In 1994 I moved to the U.S. where for the following four years I worked as a Post-doctoral Fellow, then as a Research Associate in the Department of International Health (DIH) at JHU. The research that I have been involved in (1994-1996) has been a continuation of the previous research alluded to above. I coordinated and monitored a multi center clinical trial conducted at three sites, one in Mexico City 7, and the other two sites in Cairo. I visited the study sites at regular intervals during the study with the purpose of standardizing methodology among the three sites, verifying adherence to the protocol and the completeness and accuracy of the documentation. As a Post Doctoral Fellow, I attended classes in the School of Hygiene at JHU, to obtain skills in field of Epidemiology, and Biostatistics that are relevant to clinical trials.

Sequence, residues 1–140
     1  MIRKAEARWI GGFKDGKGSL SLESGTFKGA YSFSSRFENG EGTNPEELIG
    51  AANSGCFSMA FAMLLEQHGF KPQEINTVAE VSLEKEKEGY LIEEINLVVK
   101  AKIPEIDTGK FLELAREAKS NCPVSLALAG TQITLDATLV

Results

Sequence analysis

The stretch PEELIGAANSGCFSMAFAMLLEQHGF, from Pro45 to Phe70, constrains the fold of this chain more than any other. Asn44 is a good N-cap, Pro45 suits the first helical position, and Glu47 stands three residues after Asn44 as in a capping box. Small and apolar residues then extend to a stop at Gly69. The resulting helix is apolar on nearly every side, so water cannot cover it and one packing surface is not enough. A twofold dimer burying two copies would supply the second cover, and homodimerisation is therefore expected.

In July 1997, I was appointed a Research Associate in the DIH, JHU. I was one of the field physicians in charge of conducting and coordinating the new pneumococcal conjugate vaccine efficacy trial conducted on the Navajo and Apache Indian Reservation.

Starting July 1998, I began my pediatric residency training, at Saint Vincent Catholic Medical Center, Staten Island New York. During my residency I participated in studies investigating the prevalence and molecular typing of penicillin-nonsusceptible Streptococcal pneumoniae (PNSP) in a Staten Island Pediatric Population and in the in metropolitan New York hospitals 8.

I then completed my three years of training as a pediatric infectious disease fellow at University of Rochester Medical Center, in September 2004. As a Fellow I conducted basic research of infections in the immunocompromised host. My primary project studied the role of the placenta in the vertical transmission of HIV 9.